This story originally appeared in the March/April 2016 issue of Bird Watcher’s Digest.
Amy was pouring her first cup of coffee when I came inside. “Pull on a coat. You have to see this,” I said hurriedly. Still groggy from sleep and gripping her mug as she shrugged into a jacket, she complied.
After months of bracing ourselves for the bite of cold and wind when we stepped out the door, the change was a shock. The air on this mid-March morning was mild and still, soft on the skin and rich in our nostrils with the moist smell of mud and warming earth.
But neither of us really noticed, because our ears were full of sound. Everywhere we looked, skeins of geese were streaming north, a continuous din of honks trailing behind.
“Big Goose Day!” we both said, using the name my family had coined when I was a kid for that moment—longed for during the seemingly endless winter months—when spring announces its arrival on the wings and voices of countless northbound geese, the pent-up inauguration of the season of exuberance.
The waves just kept coming. The scientific part of me started divvying up the sky into quadrants and trying to estimate numbers—thousands of birds, clearly—until the saner, steadier part of my brain said: Stop. Just drink it in. To hell with science, just for now.
Amy drained her mug, went back for a refill, and returned. The flocks still came, dozens of skeins in sight and sound at any moment.
“You know, this never gets old.” I don’t know which one of us said it, but it’s true. There are some sights and sounds in nature, in birding in particular, that never grow stale. I catch myself saying those words under my breath a lot, when I’m dazzled by yet another of the everyday miracles to which birders are privileged.
I grew up in a time before America became one nation under Goose, indivisible, with resident flocks of honkers on every golf course, city park, pasture pond, and exurban office complex. The range map in my first field guide, Chan Robbin’s old 1966 “Golden Guide,” showed the reality in those days: a band of orange across the northern third of the continent where Canada geese nested (mostly in the Arctic and subarctic) and blue across the southern third, and the coasts, where they wintered.
In between, including where I lived (and still live) in the mountains of Pennsylvania, the map was crosshatched. For most of us, geese were a fleeting gift of the changing seasons.
It was a big deal to spot the first geese of fall, the first time in months that we’d heard those braying honks. It was usually a cold, blustery day in early October, right after a frontal passage, and the sound would come first as a tickle in my ear, from high up in the ragged, wind-torn clouds. I’d cock my head, peering upward, until I found the tattered V of birds racing down the sky, the honking louder and more insistent now, the indelible stamp of migration.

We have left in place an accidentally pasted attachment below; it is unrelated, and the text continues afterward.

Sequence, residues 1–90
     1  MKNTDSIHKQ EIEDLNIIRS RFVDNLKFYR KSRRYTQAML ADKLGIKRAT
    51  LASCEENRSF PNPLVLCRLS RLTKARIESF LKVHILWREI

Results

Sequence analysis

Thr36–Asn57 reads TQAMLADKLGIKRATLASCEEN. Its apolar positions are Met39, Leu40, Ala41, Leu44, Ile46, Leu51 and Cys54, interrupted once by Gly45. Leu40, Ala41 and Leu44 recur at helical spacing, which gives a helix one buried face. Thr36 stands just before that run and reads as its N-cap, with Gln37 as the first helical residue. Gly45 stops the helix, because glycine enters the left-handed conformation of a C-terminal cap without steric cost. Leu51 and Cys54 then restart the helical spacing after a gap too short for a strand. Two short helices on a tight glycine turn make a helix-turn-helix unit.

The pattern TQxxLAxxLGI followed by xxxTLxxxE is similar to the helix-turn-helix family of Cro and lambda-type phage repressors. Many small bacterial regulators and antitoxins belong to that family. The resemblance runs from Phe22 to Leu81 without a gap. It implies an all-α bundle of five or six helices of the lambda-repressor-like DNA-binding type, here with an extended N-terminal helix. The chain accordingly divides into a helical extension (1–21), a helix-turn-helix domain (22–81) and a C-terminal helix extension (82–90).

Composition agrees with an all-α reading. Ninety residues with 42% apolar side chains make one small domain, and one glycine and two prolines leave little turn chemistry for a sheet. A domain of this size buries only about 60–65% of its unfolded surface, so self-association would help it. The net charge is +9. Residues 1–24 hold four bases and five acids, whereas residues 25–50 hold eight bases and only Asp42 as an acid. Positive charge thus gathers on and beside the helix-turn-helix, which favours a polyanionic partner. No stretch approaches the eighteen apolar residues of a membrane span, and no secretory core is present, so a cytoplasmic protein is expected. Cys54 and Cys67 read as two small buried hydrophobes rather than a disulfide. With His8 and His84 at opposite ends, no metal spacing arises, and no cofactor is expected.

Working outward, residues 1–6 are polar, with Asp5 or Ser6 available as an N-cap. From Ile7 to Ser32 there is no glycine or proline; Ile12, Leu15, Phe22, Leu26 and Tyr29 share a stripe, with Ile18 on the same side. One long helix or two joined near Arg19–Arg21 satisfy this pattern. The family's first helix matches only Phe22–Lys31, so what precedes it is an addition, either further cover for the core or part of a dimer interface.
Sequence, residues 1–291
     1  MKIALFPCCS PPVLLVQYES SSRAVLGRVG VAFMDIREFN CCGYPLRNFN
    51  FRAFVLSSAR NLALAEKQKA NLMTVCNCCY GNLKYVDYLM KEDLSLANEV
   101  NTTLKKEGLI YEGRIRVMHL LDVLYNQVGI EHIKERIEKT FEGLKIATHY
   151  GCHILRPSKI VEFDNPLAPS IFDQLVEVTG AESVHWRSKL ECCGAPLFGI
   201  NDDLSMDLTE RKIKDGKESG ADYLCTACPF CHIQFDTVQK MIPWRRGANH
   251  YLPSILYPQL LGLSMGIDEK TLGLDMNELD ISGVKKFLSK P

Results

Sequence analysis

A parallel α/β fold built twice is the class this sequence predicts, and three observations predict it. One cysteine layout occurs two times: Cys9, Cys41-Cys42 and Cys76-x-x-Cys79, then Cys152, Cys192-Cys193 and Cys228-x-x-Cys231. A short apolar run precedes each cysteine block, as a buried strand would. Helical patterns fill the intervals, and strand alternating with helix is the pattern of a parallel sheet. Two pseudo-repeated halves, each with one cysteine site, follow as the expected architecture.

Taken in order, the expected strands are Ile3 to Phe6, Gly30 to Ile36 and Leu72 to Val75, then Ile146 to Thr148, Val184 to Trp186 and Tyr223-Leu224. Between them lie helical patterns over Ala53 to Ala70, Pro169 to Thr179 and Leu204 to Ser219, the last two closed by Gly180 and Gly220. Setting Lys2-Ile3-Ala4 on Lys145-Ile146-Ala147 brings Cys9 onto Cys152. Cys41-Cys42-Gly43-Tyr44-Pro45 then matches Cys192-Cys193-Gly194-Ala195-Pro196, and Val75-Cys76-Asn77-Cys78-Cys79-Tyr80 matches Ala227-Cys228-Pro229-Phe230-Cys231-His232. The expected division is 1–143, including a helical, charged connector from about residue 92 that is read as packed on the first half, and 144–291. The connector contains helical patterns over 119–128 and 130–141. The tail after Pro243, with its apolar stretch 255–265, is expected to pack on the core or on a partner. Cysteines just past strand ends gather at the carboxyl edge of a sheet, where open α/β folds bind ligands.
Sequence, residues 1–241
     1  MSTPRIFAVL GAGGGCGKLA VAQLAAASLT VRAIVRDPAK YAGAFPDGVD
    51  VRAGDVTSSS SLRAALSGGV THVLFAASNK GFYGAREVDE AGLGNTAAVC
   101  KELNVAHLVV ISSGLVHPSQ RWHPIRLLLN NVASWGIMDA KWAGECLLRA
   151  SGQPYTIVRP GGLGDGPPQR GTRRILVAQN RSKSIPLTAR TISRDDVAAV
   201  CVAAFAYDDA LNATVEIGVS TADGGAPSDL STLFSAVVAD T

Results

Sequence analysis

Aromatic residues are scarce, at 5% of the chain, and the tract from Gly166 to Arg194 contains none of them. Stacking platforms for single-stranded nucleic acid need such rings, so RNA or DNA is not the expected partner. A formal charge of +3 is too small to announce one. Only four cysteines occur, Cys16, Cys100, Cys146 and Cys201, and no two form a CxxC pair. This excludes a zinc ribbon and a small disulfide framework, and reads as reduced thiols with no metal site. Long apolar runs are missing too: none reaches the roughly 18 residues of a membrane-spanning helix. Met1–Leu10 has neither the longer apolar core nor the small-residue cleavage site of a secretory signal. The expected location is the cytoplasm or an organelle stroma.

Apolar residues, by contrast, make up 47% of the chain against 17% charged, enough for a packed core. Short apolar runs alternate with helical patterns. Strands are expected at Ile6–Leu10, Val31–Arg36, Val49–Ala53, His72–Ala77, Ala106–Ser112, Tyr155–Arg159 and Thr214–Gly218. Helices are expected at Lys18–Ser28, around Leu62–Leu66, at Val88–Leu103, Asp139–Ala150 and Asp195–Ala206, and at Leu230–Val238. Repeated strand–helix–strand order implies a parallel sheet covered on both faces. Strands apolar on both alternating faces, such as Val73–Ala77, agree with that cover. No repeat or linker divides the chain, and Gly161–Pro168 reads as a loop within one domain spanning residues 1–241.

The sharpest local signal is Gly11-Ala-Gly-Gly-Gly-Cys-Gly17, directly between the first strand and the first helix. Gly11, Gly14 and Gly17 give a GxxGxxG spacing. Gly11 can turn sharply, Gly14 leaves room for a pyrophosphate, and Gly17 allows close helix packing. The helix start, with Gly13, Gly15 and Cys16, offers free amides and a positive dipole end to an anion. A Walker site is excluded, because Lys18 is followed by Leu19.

And only migrants. These geese came from the edge of James Bay, or up in the Ungava Peninsula in northern Quebec, or the barren-ground tundra of Labrador. They were passage birds, here and gone, racing overhead for a few precious days. Some might linger on the bigger lakes and reservoirs to our south until the seriously cold weather settled in after Thanksgiving. But then they were gone, too.
But it was in spring that we really kept our ears peeled. After a long winter of monochrome woods and nothing but juncos and chickadees at the feeder, we were hungry for any incontrovertible sign of spring. That meant geese. As Aldo Leopold wrote in A Sand County Almanac, the arrival of northbound geese, counting on finding safe, open water at the back end of winter “carries the conviction of a prophet who has burned his bridges.”
Some years the geese would dribble through in fits and starts, but most years— sometimes as early as February if it had been a mild season, other years as late as the end of March—there would come a single day with a moist, mild south wind, when the pale blue sky would be seething with geese. Chevrons and lines and tangles of them would reach from horizon to horizon, all clawing their way north with a zeal that seemed to echo our own pent-up thirst for spring.
“Big Goose Day,” we called it in my family, and it was as important a holiday on the annual round of seasons for us as are many that are more widely celebrated. And we still mark it; my mother will call us early in the morning, and say, “Have you been outside? Did you hear them? It’s Big Goose Day!” Amy and I will pile into our jackets and boots and race out the door, looking up as the squadrons push north, trailing their clamor in their wake, dragging spring behind them.
(I wrote about Big Goose Day once some years ago, for our state wildlife magazine. My youngest sister, a dental assistant in a small town nearby, was later challenged by a patient who had read my essay. “Oh, c’mon,” he said, incredulous. “Your family really celebrated this thing?” Jill, who is very definitely not a birder, reluctantly confirmed that we did. “But it’s not like we baked a cake or anything,” she said.)
Canada geese have long since ceased to be an electrifying benchmark of the seasons. In 1928, George Miksch Sutton wrote that Canada geese “do not stop long in Pennsylvania; most flocks do not linger here at all, merely passing over,” a statement still true in the late 1960s and early ’70s, when I was becoming serious about birding. But change was already afoot.
Pinioned geese of the huge, largely nonmigratory subspecies Branta canadensis maxima were released at a game sanctuary in northwestern Pennsylvania in the 1930s, and by 1969, the state was moving their many, many progeny to new pastures, expecting them to stay put and create small, manageable hunting populations.